Mark has since moved to the Atlanta area and John has transitioned to being a tool junkie that supports model railroads. John is notionally modeling the RGS in HOn3, but what he really enjoys is building stuff for the model railroad hobby. And he has a serious set of tools to do that in his shop. The hobby is a big tent!
|John demonstrating his throttle prototype|
When I asked John if he wanted to run some trains he said, "no thanks. I could care less about operations." What he did show me was a new Wi-fi throttle that he is developing along with two other engineers for TCS, the DCC company. You can learn more about the throttle here. John went on to explain how he likes TCS decoders because of their high fidelity sound. Now it was my turn, I said to John, without rancor, "I could care less about having correct sound in my engines if it means more complexity. To me diesel sound is just industrial noise." I referred him to my now classic DCC rant previous posted on this blog. I love complaining about DCC.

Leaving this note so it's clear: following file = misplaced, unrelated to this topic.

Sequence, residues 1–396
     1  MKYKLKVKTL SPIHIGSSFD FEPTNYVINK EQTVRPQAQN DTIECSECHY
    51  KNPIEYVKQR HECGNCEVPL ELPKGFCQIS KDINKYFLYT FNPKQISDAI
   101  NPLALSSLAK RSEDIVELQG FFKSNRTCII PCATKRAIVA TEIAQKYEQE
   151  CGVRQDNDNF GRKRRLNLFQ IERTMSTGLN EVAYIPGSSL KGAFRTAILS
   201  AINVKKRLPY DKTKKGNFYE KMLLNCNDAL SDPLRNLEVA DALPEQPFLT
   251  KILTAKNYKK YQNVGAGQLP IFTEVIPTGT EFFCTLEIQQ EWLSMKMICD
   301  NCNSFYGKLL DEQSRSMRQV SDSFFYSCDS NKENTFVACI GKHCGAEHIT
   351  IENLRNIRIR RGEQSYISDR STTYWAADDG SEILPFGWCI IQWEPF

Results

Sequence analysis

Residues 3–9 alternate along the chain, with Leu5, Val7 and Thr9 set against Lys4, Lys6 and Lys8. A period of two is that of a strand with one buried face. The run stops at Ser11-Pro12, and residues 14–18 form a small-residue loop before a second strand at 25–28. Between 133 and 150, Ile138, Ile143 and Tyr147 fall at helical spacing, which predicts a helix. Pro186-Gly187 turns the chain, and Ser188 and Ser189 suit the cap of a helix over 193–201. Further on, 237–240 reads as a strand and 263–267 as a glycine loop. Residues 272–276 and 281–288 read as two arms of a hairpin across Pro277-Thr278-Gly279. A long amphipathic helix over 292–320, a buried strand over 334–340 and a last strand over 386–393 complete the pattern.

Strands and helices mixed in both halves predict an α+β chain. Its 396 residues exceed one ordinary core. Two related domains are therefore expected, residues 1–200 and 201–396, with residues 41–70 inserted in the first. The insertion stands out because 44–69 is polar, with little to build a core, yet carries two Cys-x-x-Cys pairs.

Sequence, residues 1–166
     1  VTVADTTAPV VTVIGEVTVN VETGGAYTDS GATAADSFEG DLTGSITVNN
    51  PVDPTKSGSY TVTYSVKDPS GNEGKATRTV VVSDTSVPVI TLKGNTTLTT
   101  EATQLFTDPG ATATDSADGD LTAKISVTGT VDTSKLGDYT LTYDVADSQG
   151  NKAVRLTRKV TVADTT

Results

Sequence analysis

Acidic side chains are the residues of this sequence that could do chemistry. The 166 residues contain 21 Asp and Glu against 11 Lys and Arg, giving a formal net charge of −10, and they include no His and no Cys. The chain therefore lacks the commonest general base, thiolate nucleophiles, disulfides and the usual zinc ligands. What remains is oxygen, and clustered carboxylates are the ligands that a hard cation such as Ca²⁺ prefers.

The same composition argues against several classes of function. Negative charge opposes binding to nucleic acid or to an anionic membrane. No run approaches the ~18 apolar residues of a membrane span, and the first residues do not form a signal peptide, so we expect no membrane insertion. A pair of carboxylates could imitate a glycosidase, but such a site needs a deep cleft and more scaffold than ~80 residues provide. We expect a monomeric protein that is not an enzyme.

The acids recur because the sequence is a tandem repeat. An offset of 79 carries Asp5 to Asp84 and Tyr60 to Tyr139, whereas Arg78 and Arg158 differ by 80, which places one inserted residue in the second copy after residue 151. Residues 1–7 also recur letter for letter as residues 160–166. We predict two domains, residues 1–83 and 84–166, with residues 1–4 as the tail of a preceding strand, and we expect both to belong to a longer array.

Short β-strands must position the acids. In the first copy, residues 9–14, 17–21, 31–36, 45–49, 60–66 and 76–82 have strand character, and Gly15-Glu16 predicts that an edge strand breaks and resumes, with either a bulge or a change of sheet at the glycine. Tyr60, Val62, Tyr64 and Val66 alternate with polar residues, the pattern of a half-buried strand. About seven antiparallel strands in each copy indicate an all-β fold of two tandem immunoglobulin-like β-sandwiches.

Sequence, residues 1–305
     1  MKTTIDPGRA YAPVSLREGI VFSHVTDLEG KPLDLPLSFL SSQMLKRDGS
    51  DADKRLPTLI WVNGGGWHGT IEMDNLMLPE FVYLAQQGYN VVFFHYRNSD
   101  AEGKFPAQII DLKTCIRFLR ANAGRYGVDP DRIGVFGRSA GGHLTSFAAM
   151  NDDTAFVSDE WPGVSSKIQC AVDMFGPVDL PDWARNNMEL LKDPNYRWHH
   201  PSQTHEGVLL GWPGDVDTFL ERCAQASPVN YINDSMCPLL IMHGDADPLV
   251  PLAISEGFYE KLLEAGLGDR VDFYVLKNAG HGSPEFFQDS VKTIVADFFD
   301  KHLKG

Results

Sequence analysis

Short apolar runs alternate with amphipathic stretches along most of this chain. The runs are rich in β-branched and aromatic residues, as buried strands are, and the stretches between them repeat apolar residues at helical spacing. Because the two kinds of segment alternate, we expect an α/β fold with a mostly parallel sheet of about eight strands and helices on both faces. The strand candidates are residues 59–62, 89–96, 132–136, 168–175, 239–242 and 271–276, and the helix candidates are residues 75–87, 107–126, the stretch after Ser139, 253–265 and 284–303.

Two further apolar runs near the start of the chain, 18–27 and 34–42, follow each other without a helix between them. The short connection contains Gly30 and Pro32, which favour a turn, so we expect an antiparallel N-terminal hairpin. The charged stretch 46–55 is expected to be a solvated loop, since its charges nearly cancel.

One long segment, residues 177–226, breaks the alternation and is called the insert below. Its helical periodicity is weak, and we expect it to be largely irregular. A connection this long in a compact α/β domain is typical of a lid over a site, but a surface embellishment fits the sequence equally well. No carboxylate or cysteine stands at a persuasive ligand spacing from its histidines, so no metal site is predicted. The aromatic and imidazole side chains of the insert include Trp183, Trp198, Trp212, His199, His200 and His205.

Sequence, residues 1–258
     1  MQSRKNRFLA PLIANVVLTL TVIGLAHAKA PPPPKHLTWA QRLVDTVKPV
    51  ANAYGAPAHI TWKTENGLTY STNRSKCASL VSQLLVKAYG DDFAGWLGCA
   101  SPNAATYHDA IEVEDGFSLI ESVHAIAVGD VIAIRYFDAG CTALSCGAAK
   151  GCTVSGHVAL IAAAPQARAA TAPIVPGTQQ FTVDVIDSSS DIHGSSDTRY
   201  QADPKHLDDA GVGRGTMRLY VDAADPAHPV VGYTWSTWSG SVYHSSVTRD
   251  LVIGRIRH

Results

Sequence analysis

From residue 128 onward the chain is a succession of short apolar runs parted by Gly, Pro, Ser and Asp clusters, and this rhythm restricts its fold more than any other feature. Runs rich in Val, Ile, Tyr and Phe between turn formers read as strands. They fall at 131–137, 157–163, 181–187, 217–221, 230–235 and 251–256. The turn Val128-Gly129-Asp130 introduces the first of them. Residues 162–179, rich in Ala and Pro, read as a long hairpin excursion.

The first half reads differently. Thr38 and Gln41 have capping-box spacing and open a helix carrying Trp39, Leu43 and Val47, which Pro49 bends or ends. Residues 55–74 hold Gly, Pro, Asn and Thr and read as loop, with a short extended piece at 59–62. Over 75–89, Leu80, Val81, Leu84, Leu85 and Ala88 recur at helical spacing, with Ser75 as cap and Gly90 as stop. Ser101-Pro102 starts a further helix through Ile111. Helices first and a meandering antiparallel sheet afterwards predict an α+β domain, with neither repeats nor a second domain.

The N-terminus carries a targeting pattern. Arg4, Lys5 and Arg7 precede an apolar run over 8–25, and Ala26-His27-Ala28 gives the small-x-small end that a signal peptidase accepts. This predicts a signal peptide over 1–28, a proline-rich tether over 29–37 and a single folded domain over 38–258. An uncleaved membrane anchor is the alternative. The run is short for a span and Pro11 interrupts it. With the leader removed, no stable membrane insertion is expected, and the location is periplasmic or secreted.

The throttle did have a nice feel to it. John designed and produced the throttle case with 3D printed plastic. The plastic had a slight grain that made it non-slip. The wi-fi throttle uses JMRI and a wifi net. Unfortunately, I was not set-up to run it, even though I do have JMRI. For now, I'll stick with my EasyDCC system.
|Fusion 360 demo, my dispatcher's desk is proving handy for multiple|
John also showed me some of the videos he did using injection molding machines. He was a CNC router that he can use to make aluminum molds. He has two injection molding machines, so he can make styrene parts. It goes on, he also has tools to rapid prototype printed circuit boards, including some machines, such as a pick and place machine, that he built himself. I now have some serious tool envy! We really need to convince John to move to the DC area.
To follow more of John's work see his blog https://trains.socha.com and his youtube channel.